AIM: To assess advanced neuroendocrine tumor (NET) treatment patterns and resource utilization by tumor progression stage and tumor site in the United States. METHODS: United States Physicians meeting eligibility criteria were provided with online data extraction forms to collect patient chart data on recent NET patients. Resource utilization and treatment pattern data were collected over a baseline period (after diagnosis and before tumor progression), as well as initial and secondary progression periods, with progression defined according to measureable radiographic evidence of tumor progression. Resource categories used in the analysis include: Treatments (e.g., surgery, chemotherapy, radiotherapy, targeted therapies), hospitalizations and physician visits, diagnostic tests (biomarkers, imaging, laboratory tests). Comparisons between categories of resource utilization and tumor progression status were examined using univariate (by tumor site) and multivariate analyses (across all tumor sites). RESULTS: Fifty-five physicians were included in the study and completed online data extraction forms using the charts of 110 patients. The physician sample showed a relatively even distribution for those affiliated with academic versus community hospitals (46% vs 55%). Forty (36.3%) patients were reported to have pancreatic NET (pNET), while 70 (63.6%) patients had gastrointestinal tract (GI)/Lung as the primary NET site. Univariate analysis showed the proportion of patients hospitalized increased from 32.7% during baseline to 42.1% in the progression stages. While surgeries were performed at similar proportions overall at baseline and progression, pNET patients, were more likely than GI/Lung NET patients to have undergone surgery during the baseline (33.3% vs 25.0%) and any progression periods (26.7% vs 23.4%). While peptide-receptor radionuclide and targeted therapy utilization was low across NET types and tumor stages, GI/Lung types exhibited greater utilization of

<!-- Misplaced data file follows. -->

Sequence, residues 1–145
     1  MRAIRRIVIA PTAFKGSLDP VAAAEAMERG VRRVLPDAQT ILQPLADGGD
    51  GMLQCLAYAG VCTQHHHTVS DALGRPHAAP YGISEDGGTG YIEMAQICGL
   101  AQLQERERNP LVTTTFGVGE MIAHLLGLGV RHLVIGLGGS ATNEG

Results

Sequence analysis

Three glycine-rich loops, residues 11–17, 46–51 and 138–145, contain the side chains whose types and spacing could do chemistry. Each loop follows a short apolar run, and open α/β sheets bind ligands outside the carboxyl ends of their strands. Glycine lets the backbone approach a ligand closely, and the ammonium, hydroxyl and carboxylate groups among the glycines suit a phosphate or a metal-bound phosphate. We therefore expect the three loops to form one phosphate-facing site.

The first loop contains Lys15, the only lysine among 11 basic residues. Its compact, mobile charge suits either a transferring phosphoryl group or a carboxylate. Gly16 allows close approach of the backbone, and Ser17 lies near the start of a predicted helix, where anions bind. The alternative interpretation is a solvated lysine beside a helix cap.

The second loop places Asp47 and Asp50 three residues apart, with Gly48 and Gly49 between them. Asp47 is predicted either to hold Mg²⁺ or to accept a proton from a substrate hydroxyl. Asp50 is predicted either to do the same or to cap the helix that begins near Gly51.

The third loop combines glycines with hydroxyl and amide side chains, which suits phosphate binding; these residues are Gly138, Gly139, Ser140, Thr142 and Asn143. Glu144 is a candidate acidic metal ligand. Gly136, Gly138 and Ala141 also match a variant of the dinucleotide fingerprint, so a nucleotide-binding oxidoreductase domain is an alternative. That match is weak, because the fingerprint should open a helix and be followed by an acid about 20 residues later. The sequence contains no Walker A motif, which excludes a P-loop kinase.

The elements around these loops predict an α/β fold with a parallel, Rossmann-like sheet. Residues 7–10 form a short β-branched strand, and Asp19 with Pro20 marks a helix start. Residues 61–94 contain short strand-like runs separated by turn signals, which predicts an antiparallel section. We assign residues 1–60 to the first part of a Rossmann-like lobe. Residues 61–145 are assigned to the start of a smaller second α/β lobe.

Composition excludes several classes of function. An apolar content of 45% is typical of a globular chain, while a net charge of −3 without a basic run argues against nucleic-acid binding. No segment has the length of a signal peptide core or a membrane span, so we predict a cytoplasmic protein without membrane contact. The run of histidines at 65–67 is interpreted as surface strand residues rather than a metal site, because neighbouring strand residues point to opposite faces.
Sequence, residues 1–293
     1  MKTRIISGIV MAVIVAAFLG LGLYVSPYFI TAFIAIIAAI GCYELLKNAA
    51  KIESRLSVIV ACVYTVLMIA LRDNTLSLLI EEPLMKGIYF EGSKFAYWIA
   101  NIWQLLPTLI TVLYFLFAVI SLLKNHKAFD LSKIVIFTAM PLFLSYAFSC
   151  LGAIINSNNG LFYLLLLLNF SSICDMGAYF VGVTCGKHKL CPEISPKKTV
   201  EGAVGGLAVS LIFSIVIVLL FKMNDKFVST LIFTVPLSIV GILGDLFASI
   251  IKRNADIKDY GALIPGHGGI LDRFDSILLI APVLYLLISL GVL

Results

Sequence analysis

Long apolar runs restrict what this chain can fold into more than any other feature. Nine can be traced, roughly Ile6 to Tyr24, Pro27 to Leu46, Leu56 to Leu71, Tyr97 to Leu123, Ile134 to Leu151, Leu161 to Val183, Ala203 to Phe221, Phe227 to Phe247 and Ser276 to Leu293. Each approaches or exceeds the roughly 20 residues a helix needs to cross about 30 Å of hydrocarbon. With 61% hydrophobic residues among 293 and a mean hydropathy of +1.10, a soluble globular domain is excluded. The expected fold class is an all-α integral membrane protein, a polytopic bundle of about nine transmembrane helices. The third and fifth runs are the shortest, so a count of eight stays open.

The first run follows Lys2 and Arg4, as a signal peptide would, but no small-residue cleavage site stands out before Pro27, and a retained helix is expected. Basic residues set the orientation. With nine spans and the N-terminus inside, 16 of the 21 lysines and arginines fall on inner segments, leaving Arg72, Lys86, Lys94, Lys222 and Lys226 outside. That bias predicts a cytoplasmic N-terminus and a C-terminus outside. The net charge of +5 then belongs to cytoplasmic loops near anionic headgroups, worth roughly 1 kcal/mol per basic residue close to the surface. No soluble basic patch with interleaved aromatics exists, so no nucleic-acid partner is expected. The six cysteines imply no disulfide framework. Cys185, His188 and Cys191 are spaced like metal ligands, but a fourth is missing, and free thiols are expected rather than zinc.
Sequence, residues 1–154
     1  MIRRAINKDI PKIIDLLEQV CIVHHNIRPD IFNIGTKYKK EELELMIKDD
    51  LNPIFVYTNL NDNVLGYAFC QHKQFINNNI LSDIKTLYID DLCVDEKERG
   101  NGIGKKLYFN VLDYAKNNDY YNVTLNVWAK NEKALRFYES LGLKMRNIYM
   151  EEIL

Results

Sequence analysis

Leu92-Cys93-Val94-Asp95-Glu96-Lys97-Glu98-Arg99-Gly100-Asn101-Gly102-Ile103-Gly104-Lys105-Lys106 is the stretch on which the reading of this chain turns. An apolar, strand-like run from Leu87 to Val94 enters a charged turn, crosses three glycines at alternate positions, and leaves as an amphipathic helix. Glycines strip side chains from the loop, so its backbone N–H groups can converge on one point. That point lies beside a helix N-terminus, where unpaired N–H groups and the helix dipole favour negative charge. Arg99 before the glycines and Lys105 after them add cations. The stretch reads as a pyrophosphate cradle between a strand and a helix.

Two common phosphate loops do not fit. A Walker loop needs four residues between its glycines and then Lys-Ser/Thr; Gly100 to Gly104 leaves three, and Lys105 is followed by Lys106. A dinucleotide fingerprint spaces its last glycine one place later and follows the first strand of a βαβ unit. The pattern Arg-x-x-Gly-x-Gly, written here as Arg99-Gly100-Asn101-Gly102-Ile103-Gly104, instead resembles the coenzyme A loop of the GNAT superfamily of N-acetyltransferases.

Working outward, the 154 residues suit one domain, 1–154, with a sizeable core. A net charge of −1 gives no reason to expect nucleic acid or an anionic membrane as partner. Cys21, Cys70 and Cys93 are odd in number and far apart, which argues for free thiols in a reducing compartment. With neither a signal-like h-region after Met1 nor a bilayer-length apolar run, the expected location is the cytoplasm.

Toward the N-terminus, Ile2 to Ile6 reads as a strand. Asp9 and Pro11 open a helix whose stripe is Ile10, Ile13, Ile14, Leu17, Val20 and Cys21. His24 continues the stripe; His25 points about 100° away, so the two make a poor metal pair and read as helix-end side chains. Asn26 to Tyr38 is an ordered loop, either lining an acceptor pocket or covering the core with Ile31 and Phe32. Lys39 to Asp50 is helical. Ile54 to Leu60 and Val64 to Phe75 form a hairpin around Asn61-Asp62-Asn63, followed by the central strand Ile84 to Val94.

9. Food Security: Selected Global and U.S. Resources

    ERIC Educational Resources Information Center

    Kocher, Megan

    2015-01-01

    Food security is researched and dealt with on local, regional, national, and global levels with solutions ranging from local farmers' market initiatives to increasing crop yields through genetically modified plants to streamlining global supply chains. Because of its broad, interdisciplinary nature, it is necessary to narrow the focus of this…

  10. World Food Resources and Population: The Narrowing Margin.

    ERIC Educational Resources Information Center

    Brown, Lester R.

    1981-01-01

    This bulletin examines the narrowing margin between global food production and population growth. Between 1950 and 1971, world grain production nearly doubled and per capita production increased 31 percent. During the 1970s, gains in output barely kept pace with population growth, consumption per person declined in sub-Saharan Africa and parts of…

  11. World Food Resources and Population: The Narrowing Margin.

    ERIC Educational Resources Information Center

    Brown, Lester R.

    1981-01-01

    This bulletin examines the narrowing margin between global food production and population growth. Between 1950 and 1971, world grain production nearly doubled and per capita production increased 31 percent. During the 1970s, gains in output barely kept pace with population growth, consumption per person declined in sub-Saharan Africa and parts of…

  12. Food Security: Selected Global and U.S. Resources

    ERIC Educational Resources Information Center

    Kocher, Megan

    2015-01-01

    Food security is researched and dealt with on local, regional, national, and global levels with solutions ranging from local farmers' market initiatives to increasing crop yields through genetically modified plants to streamlining global supply chains. Because of its broad, interdisciplinary nature, it is necessary to narrow the focus of this…

  13. Use of Hawaii Analog Sites for Lunar Science and In-Situ Resource Utilization

    NASA Technical Reports Server (NTRS)

    Sanders, G. B.; Larson, W. E.; Picard, M.; Hamilton, J. C.

    2011-01-01